Team U.S.A. v Team Canada Getty Images

Chris Terreri, who enjoyed a long NHL career with the New Jersey Devils, Chicago Blackhawks, San Jose Sharks, and the New York Islanders, split the starting goaltending role with Tom Barrasso at the 1986 Worlds. Terreri managed an .895 save percentage through 286 minutes of play; Barrasso put up an .887 save percentage through 260 minutes of hockey.

John Vanbiesbrouck replaced Barrasso at the 1987 Worlds and took on the biggest workload of Team USA’s netminders. He finished that tournament with an .850 save percentage and a 4.10 GAA. Terreri, who played 20 more minutes than Richter at the 52nd IIHF World Championship, finished with a .727 save percentage and a 7.20 GAA. Although Richter played just 80 minutes, his .884 save percentage definitely stands out — especially for a 20-year-old.

At the 1988 Olympics in Calgary, Team USA had the youngest team by an average of two years. A 19-year-old Brian Leetch turned a lot of heads in Calgary by putting up six points in six games and Corey Millen, the Rangers’ 57th overall pick of the 1982 NHL Draft, led the team in scoring with 11 points. The play of a then 21-year-old Richter was also a silver lining.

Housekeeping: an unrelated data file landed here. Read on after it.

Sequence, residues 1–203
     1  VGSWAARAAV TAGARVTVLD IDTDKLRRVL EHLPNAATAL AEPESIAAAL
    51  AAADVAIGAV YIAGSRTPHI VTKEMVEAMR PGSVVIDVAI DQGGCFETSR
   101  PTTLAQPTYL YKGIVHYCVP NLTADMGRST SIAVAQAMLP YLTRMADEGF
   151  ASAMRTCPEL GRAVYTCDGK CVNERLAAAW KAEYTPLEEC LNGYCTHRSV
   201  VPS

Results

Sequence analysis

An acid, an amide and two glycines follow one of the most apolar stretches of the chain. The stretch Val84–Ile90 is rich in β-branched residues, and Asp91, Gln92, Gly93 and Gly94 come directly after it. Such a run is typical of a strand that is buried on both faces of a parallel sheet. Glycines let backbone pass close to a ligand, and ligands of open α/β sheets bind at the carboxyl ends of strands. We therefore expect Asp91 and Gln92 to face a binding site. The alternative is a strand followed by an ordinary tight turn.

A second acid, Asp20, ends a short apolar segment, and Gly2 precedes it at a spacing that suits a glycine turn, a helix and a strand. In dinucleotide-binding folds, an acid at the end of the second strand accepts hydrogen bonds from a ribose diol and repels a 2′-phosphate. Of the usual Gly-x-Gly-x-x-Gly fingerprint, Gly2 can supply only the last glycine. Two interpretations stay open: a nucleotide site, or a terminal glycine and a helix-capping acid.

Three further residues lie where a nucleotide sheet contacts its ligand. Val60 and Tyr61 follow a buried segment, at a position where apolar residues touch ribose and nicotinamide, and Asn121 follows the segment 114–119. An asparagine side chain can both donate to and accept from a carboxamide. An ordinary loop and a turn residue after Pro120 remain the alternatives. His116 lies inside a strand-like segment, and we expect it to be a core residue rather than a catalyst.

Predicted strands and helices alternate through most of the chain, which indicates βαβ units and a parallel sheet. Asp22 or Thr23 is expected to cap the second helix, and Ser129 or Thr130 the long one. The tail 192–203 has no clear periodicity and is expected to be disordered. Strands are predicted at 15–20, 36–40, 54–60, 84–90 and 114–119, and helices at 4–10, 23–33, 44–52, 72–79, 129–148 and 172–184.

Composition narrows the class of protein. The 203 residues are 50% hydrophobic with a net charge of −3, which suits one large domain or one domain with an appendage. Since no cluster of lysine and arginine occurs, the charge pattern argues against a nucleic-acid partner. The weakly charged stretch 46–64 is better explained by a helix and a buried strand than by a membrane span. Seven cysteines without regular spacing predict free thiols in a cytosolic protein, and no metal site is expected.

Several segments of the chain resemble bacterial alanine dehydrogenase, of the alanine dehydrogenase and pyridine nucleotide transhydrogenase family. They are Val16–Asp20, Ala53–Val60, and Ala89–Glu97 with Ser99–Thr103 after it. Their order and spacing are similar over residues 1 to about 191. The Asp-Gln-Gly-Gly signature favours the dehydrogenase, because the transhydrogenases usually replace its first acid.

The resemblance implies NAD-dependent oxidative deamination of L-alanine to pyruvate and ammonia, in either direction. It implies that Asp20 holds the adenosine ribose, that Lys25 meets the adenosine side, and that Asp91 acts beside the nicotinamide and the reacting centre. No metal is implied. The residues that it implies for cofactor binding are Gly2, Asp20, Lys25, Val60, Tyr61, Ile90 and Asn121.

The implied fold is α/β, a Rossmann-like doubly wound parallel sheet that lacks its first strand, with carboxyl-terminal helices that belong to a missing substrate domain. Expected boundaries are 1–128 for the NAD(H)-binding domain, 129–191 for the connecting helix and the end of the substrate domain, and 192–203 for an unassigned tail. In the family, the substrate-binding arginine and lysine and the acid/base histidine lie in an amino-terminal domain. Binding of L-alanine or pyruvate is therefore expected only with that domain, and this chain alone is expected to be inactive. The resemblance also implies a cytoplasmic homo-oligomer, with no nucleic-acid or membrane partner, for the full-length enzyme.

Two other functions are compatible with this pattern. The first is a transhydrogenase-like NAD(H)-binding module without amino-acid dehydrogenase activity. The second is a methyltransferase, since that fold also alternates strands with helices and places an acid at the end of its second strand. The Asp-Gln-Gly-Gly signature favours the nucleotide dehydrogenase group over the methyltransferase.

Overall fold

Richter stopped .842 percent of the shots he faced through 230 minutes of hockey at the 1988 Winter Games. Terreri was the only other U.S. goaltender who stood in the blue paint for the U.S.; he posted a .738 save percentage in 128 minutes. One could definitely make a case that Terreri had a harder schedule because he faced the Soviets. But Richter played West Germany and Czechoslovakia — the teams that finished second and third in the group, respectively — and earned Team USA’s only two wins in group play.

Entering his Prime (1990s)

By the time Richter played for Team USA at the 1991 Canada Cup, he had nearly 70 games of NHL experience under his belt. In that tournament, he was in net for all four of the team’s victories and finished with a .904 save percentage. Thanks in large part to Richter’s play, the U.S. finished second to Canada.

Two years later, Richter posted a .903 save percentage and a 3.29 GAA in 237 minutes of hockey at the 1993 Worlds. Although USA finished in sixth, it was becoming abundantly clear that they had something special in Richter. Any reservations about the undersized goalie from Abington, PA quickly expired a little over a year later when he finished the 1994 NHL Playoffs with a .921 save percentage and a Stanley Cup.